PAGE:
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Why Trumponomics Could Make or Break Boeing

February 14, 2017, 4:18 PM UTC

This Friday, Boeing will unveil its 787-10 airplane model at its plant in North Charleston, S.C., and it has been widely reported that President Trump will attend the event. That’s only fitting: Shares of Boeing have been flying high as of late, and Trump’s policy decisions are likely to have a major impact on whether they keep doing so.

Since releasing its quarterly earnings in late January, the airline manufacturing giant has seen its stock (BA) jump 5%. The price bump is part of a larger surge in the last year that has seen shares of Boeing rise 55%, to new highs.

Boeing has pleasantly surprised analysts the last three quarters, most recently posting a forth quarter profit of $1.63 billion, up significantly from a year earlier, when the company posted $1.03 billion in earnings.

The guidance Boeing issued for 2017 is a mixed bag. The company projects $3 billion less in revenue than it generated in 2016, as airlines move away from purchasing the 747 and 777 passenger jet models, instead opting for the cheaper 737. However, the company expects free cash flow to go up by $550 million, to $8.5 billion. Some of that cash could fuel increased dividends or a stock buyback, which should give investors more incentive to buy.

Airlines aren’t where all the action is. The company generates a little less than a third of its revenue, but 54% of its profit, from its Defense, Space & Security division. (The defense division carries a profit margin higher than 10%, as opposed to the 4.8% the commercial division produces.) This looms large, as President Trump has positioned himself as a security and defense stalwart, which could translate to more military purchases in the future.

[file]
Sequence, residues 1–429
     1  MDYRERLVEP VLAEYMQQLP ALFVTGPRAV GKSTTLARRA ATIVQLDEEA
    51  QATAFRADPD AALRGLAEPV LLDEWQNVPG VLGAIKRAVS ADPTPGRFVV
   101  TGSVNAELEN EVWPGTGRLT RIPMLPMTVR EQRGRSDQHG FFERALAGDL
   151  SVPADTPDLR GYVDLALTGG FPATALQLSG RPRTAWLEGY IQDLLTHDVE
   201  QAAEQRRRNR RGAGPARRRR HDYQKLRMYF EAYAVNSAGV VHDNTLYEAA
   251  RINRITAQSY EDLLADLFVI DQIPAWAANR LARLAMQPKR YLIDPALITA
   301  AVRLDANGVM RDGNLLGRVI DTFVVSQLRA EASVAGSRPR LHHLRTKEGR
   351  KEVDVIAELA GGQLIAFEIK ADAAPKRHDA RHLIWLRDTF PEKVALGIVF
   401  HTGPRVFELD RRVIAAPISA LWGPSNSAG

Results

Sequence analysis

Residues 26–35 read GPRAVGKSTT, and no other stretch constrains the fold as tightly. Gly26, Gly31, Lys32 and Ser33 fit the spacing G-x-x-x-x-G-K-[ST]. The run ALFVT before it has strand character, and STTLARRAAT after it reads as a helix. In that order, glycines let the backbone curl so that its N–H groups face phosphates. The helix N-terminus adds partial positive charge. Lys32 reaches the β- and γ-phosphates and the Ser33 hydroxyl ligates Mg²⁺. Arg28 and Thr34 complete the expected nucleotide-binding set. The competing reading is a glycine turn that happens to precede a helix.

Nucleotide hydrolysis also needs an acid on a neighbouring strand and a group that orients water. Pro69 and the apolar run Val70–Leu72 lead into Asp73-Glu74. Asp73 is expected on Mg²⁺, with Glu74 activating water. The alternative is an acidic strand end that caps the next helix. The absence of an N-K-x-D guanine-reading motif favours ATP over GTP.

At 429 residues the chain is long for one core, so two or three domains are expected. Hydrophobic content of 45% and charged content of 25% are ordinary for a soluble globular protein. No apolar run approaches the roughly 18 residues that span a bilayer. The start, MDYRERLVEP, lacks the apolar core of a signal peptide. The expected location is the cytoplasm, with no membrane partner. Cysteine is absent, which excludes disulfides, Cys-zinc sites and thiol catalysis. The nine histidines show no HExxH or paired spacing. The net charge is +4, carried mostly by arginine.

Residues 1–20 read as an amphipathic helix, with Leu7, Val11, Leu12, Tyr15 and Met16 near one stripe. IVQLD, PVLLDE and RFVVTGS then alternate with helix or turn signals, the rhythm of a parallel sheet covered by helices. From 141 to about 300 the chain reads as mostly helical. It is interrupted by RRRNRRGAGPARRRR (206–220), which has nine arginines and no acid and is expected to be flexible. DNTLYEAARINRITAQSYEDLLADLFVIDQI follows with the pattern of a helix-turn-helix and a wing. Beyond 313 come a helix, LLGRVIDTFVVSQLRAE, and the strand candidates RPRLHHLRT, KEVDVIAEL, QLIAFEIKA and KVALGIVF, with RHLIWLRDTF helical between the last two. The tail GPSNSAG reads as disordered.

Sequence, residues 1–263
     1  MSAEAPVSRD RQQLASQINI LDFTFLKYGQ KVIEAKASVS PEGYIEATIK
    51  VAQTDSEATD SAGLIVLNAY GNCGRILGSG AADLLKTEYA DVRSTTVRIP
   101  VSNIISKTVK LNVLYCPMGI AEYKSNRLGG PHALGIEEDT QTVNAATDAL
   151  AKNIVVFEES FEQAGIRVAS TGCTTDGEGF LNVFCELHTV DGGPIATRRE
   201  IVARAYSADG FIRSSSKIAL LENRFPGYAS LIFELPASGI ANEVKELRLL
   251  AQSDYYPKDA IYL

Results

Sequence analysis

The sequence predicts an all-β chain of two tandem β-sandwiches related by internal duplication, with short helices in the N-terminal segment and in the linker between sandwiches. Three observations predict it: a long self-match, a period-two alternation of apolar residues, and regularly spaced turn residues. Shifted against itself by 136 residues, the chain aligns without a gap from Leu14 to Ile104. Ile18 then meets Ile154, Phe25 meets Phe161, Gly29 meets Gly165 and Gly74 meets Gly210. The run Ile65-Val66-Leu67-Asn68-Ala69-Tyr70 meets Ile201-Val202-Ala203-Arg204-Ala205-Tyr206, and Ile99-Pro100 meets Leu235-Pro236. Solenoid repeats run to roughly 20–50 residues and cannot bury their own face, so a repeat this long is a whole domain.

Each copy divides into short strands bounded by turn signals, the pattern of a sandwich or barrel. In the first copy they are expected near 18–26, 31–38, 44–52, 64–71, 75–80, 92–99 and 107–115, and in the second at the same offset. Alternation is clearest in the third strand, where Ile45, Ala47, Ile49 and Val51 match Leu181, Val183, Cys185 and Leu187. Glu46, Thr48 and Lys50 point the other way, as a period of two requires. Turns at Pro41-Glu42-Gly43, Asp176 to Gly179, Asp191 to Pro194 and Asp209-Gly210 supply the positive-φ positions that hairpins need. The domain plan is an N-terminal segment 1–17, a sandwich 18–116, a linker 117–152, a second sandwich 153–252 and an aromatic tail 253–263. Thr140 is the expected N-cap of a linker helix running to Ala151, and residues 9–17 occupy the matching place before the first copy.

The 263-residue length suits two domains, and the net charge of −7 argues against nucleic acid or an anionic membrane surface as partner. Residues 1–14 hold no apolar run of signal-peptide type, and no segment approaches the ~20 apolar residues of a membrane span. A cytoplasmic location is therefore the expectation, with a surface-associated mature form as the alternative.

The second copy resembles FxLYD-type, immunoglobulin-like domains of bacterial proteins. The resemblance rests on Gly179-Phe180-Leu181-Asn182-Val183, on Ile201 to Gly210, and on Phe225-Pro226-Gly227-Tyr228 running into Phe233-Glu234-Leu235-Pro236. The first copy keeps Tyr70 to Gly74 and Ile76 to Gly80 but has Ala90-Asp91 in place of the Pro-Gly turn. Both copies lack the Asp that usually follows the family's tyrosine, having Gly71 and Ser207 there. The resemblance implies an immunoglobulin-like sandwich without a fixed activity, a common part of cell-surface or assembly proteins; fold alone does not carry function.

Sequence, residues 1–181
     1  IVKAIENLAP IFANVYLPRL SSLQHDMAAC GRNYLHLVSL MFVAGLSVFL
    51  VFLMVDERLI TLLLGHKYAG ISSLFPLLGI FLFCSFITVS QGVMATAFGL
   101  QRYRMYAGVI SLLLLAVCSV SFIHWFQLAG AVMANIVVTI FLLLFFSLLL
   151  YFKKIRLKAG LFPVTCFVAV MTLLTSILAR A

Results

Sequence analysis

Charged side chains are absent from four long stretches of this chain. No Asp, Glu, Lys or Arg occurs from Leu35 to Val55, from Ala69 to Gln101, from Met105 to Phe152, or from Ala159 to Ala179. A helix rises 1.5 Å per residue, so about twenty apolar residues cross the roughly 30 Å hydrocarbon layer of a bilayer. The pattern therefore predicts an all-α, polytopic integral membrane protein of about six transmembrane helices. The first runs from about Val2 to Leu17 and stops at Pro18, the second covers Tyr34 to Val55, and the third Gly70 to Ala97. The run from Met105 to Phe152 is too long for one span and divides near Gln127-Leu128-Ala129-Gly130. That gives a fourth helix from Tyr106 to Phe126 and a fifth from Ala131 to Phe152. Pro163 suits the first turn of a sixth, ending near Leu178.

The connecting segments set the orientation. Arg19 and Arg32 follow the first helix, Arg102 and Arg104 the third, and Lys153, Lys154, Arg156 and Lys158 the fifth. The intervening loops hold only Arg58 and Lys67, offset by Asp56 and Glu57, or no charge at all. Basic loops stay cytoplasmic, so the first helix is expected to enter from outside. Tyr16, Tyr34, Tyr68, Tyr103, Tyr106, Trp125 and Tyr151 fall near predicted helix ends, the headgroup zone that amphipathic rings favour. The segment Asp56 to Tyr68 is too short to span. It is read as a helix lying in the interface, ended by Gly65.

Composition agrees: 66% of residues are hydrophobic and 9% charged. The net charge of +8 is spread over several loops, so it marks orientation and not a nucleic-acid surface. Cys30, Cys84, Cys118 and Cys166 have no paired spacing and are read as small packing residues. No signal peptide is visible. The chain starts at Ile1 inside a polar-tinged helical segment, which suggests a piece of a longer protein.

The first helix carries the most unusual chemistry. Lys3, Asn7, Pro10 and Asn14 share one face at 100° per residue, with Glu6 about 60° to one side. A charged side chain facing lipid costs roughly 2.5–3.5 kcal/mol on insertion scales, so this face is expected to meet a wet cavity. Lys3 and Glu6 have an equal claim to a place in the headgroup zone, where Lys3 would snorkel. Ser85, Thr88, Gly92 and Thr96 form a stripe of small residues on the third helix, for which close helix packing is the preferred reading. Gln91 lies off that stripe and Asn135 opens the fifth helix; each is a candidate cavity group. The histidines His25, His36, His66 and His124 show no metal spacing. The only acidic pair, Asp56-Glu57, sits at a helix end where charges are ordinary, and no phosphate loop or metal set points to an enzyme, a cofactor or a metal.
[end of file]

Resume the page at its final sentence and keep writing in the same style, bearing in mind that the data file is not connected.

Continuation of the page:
But Trump’s America First stance might also cast a negative shadow on the company, because he may very well set off trade wars with other nations. Foreign companies account for 60% to 70% of Boeing’s commercial sales, so even a slight change to the status quo will likely negatively affect Boeing’s bottom line. Last month, an editorial in the Global Times, a Chinese newspaper run by the Communist Party’s official People’s Daily, expressed interest in resolving any trade issues with the U.S., but warned that the Party was not afraid of a trade war, specifically singling out Boeing as a company that would suffer in any dispute. Boeing, which estimates China will need to spend over $1 trillion on 6,800 new jetliners over the next 20 years, would be in a very tough spot if the threat has teeth.

Boeing has also recently made headlines as it fights against efforts to unionize workers at its 787 Dreamliner manufacturing plant in North Charleston, where a vote on whether to unionize is scheduled for Wednesday. The International Association of Machinists and Aerospace Workers, which has already unionized Boeing’s other Dreamliner factory in Washington state, is looking to bring the Charleston plant into the fold. Boeing has been fiercely opposed to such a move, claiming the union creates hostility with management and causes work stoppages that are most costly than they are worth for both sides.

If Trump does indeed show up to boost the company on Friday, it’ll be a much appreciated sign of a happy relationship. That’s noteworthy, considering that Trump not long ago chided the company via Twitter over the $4 billion Boeing was charging to build two new Air Force Ones.